Further on, he recounts his time as a housemaster at a boarding school:
I set up an Xbox with FIFA in the common room and challenge[d] any of the lads to beat me. None of them did, and it built a mystique, a reputation about my FIFA skills. It was an easy way to bond with all of these teenagers, all of them away from home and nervous, now shit-talking each other and losing to their 30 year old housemaster.
The question of art very quickly slips aside in the face of these memories. Does it signify anything that my first interaction with epic narrative, was Halo 3? Or that I’ve fostered relationships via Grand Theft Auto and Wii Sports? Video games might have fantastic stories, and artistic innovations, and sparkly new mechanics, but just as important is what happened around them – the people who plugged in a second controller (or more likely now, joined the online voice chat), who they were and are to us, and what life was doing in the background. They are conduits, less like novels and more like music; little bottles of pure nostalgia, and Hit Points is a testament to that relationship. Take, for example, “First Person”, by Louise Goulding, in which she conjures the entire high-school experience.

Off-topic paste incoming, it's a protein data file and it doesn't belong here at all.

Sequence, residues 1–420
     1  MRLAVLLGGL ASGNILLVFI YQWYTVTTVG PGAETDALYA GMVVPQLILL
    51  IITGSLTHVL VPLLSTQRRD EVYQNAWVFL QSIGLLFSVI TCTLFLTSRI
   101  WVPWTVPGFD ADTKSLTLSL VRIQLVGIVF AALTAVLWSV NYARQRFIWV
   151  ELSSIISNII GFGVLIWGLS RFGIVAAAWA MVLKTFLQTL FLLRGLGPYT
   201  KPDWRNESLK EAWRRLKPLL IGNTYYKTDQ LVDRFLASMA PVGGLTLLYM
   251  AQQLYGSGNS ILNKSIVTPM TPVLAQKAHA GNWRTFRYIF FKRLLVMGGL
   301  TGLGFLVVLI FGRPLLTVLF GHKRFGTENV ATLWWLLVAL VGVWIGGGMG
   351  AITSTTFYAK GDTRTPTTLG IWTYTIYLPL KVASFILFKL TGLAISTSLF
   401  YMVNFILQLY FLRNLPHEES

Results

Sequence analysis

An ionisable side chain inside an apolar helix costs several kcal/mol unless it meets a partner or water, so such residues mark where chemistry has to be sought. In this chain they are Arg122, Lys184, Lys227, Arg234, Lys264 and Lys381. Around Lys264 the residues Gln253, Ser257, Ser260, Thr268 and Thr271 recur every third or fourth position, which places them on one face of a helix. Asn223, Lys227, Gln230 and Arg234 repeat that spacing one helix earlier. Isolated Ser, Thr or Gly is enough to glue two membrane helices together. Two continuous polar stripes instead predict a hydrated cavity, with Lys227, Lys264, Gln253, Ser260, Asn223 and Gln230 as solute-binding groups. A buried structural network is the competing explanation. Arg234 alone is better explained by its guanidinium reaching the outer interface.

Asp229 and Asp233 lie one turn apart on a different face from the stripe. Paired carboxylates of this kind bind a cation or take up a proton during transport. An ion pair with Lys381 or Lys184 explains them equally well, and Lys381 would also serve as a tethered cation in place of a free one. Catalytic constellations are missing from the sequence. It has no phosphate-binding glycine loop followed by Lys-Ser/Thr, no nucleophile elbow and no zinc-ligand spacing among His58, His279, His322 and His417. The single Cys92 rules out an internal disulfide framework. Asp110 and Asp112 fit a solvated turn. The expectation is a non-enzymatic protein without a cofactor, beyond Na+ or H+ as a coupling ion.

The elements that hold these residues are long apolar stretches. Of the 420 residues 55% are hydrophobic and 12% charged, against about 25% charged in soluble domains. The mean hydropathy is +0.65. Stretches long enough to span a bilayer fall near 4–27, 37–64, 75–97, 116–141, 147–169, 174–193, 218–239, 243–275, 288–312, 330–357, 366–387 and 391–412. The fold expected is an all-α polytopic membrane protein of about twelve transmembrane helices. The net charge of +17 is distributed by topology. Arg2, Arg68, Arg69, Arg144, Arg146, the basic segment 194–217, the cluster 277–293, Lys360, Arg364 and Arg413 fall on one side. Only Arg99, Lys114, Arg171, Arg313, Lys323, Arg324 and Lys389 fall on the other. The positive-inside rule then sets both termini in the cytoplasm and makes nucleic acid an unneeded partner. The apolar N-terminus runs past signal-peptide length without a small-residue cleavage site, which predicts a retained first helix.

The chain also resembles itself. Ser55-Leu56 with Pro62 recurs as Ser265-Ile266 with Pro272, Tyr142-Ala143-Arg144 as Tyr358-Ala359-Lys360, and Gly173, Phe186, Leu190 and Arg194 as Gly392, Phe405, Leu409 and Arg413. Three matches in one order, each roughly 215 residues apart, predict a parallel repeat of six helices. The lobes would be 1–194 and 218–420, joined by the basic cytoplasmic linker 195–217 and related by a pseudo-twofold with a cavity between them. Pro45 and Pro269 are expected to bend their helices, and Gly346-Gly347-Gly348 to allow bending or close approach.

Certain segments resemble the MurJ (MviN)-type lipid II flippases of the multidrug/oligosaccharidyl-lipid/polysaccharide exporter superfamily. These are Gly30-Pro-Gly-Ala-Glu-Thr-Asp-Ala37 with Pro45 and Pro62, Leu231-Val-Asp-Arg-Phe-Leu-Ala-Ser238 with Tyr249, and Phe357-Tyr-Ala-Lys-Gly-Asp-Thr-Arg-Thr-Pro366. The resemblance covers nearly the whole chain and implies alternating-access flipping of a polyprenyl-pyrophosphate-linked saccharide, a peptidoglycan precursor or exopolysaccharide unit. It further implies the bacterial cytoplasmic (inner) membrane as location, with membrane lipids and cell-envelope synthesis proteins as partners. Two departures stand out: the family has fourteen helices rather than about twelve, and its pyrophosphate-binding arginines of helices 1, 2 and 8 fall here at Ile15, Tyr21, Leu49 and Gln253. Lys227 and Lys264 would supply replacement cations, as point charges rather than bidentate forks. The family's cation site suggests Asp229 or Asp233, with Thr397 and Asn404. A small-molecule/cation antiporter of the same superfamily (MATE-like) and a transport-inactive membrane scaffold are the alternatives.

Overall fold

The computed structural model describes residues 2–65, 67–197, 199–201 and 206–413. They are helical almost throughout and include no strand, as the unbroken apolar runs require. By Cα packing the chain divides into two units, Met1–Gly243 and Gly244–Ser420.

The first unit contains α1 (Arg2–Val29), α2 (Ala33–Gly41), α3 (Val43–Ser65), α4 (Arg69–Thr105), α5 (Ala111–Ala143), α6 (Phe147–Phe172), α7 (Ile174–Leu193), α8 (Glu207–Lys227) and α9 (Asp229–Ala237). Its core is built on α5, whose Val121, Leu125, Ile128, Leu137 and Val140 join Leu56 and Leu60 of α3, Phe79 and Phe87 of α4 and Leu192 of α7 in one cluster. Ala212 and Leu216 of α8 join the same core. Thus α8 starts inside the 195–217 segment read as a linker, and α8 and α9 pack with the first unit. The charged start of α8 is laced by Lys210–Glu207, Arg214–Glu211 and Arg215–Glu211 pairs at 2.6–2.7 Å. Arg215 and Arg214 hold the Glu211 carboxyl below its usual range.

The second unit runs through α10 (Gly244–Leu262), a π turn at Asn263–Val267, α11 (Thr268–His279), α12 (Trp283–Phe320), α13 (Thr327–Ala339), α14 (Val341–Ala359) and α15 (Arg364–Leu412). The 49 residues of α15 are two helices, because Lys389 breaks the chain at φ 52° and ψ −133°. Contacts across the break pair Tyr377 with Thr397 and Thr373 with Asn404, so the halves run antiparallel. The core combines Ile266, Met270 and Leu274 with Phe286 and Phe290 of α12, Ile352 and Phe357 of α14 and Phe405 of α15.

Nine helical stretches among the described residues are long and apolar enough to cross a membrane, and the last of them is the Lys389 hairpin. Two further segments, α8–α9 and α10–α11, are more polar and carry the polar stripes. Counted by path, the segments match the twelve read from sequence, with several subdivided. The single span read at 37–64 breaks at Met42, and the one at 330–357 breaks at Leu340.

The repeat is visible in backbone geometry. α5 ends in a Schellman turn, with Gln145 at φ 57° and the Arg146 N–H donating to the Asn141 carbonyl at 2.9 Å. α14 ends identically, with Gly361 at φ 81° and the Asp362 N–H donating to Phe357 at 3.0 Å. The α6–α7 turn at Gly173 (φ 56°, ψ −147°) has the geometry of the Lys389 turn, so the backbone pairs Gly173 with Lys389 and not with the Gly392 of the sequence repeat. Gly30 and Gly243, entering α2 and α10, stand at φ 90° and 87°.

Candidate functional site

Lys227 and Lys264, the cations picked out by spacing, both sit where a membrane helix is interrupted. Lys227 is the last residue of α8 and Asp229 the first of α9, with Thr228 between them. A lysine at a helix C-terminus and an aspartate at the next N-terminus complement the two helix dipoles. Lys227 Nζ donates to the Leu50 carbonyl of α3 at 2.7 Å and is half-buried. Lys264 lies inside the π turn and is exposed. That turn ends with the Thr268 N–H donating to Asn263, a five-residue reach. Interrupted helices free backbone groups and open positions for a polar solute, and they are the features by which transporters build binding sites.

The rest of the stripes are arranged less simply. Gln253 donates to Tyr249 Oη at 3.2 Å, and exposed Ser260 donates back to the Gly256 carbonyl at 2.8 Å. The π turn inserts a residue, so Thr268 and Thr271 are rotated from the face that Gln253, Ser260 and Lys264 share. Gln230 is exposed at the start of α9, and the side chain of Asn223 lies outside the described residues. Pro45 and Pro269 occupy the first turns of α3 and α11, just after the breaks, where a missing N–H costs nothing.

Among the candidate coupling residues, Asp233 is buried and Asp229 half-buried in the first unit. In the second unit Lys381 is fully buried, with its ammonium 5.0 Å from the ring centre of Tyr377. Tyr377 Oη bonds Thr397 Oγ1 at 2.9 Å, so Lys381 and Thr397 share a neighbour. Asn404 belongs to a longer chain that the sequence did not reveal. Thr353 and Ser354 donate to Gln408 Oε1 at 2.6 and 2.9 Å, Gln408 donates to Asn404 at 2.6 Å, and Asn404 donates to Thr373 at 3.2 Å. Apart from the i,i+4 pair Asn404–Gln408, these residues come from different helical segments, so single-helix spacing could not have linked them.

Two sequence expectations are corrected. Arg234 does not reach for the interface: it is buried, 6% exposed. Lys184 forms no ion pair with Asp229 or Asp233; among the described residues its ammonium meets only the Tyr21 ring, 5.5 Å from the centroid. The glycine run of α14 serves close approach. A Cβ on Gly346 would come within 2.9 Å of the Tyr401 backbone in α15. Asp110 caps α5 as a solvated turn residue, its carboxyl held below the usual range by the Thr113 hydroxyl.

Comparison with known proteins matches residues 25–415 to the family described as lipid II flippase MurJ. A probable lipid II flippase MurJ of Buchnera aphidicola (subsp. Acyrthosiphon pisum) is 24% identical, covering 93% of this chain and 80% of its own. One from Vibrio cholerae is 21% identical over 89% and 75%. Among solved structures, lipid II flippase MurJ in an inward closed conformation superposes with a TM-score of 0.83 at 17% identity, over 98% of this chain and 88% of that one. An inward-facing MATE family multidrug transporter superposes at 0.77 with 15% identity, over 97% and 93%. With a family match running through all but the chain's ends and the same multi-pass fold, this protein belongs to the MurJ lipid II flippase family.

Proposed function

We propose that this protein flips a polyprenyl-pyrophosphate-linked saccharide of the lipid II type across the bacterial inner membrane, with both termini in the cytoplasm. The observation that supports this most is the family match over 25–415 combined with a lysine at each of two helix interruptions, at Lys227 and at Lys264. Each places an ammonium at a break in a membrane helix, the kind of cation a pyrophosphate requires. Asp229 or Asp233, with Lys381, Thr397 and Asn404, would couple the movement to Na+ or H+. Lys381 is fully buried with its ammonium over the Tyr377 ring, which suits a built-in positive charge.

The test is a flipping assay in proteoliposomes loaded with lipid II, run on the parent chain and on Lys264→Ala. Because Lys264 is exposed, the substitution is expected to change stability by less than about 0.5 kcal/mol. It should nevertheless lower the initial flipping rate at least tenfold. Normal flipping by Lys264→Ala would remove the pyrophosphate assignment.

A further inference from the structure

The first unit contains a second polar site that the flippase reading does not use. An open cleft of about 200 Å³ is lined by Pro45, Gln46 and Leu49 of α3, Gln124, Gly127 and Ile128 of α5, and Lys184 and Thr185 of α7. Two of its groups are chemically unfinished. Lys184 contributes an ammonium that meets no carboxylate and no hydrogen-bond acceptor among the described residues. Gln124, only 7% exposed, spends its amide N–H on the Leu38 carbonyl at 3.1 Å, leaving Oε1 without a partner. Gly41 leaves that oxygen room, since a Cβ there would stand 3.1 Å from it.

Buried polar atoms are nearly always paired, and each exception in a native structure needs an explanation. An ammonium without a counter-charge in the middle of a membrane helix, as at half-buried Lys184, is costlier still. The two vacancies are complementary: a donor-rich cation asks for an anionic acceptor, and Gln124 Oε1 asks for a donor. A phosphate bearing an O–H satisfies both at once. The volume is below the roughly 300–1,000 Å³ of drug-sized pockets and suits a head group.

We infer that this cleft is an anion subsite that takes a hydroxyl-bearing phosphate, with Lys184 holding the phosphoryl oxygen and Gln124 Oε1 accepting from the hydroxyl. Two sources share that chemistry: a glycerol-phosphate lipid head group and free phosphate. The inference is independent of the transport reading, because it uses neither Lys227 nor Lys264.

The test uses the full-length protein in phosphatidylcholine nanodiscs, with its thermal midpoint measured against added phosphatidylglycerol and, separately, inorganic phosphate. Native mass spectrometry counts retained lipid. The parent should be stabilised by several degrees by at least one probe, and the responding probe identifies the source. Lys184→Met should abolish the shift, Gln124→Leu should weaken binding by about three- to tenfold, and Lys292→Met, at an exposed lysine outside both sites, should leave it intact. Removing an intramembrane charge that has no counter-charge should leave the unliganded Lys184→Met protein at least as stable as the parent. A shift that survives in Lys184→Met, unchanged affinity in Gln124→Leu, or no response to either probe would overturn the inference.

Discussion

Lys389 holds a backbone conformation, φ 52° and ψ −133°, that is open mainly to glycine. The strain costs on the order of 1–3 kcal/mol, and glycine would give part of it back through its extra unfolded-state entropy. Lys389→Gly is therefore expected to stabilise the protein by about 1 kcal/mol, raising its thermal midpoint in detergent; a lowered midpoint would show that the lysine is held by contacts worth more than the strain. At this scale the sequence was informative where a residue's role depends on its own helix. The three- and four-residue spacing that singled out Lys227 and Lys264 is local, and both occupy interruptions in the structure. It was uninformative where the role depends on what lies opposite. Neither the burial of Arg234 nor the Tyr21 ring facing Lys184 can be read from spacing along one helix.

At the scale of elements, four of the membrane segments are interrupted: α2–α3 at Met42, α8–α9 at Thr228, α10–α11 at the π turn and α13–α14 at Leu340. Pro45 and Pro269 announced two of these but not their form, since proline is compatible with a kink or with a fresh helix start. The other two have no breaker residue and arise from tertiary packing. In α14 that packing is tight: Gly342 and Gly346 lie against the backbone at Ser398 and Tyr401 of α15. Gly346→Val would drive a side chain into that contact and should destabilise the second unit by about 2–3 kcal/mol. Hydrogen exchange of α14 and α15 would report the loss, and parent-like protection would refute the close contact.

I heard you fingered Carla Bayes, at Wensum Park
in the summer holidays. You were in the year above
and you were Donna’s brother’s mate. So, weekends,
when Donna’s mum was working late, we’d be
on the floor in front of their settee –
Donna’s brother, you, Big Joe, and Mark,
Donna and me. Nintendo nights. Four-way split-
screen on a sixteen-inch TV.
Art or not, every poem here is ekphrastic in nature, and while gaming is hugely popular, some poems can feel a little niche – mainly because video games are, whether we like it or not, at the mercy of quick turnover, profitability, and rapid technological development. One person’s favourite game can already begin to feel archaic three years on. Many video games disappear, and the consoles they played on have died with them (or can be bought for the price of a car online). What this means is that some poems in HP might read a little like code, describing alien digital scenery. But to be completely lost in the anthology is rare. As Kent explains in the introduction, he and Matthew Haigh, the anthology’s co-editor, ‘agreed early on that we still wanted the poetry to push boundaries and demonstrate more than a vivid memory.’ In almost every case that I found myself at a loss for context, the text itself became no less vivid. In “3 ecchoes for ecco”, a game I am entirely ignorant of, Calum Rodger opens with a loving incantation.
In home bay the sky
and its yamaha tones
are like untelephones
the bivalves and fish